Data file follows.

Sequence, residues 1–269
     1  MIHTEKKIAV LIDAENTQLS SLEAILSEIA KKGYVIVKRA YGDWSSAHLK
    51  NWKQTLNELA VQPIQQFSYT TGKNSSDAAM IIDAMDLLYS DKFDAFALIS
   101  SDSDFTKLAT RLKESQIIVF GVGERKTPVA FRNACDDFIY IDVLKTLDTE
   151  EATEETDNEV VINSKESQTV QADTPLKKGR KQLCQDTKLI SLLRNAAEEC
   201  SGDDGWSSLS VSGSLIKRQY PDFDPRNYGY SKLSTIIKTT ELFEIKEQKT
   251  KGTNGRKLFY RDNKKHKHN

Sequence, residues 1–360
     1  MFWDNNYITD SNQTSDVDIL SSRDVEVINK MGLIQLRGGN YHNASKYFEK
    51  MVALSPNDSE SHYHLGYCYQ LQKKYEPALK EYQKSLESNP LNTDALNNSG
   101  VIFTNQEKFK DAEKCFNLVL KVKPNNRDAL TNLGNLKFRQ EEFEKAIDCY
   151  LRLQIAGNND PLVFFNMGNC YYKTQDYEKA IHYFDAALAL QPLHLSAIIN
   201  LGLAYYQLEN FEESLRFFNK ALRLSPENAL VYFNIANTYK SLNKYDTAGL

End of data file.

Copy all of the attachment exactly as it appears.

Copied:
Sequence, residues 1–269
     1  MIHTEKKIAV LIDAENTQLS SLEAILSEIA KKGYVIVKRA YGDWSSAHLK
    51  NWKQTLNELA VQPIQQFSYT TGKNSSDAAM IIDAMDLLYS DKFDAFALIS
   101  SDSDFTKLAT RLKESQIIVF GVGERKTPVA FRNACDDFIY IDVLKTLDTE
   151  EATEETDNEV VINSKESQTV QADTPLKKGR KQLCQDTKLI SLLRNAAEEC
   201  SGDDGWSSLS VSGSLIKRQY PDFDPRNYGY SKLSTIIKTT ELFEIKEQKT
   251  KGTNGRKLFY RDNKKHKHN

Sequence, residues 1–360
     1  MFWDNNYITD SNQTSDVDIL SSRDVEVINK MGLIQLRGGN YHNASKYFEK
    51  MVALSPNDSE SHYHLGYCYQ LQKKYEPALK EYQKSLESNP LNTDALNNSG
   101  VIFTNQEKFK DAEKCFNLVL KVKPNNRDAL TNLGNLKFRQ EEFEKAIDCY
   151  LRLQIAGNND PLVFFNMGNC YYKTQDYEKA IHYFDAALAL QPLHLSAIIN
   201  LGLAYYQLEN FEESLRFFNK ALRLSPENAL VYFNIANTYK SLNKYDTAGL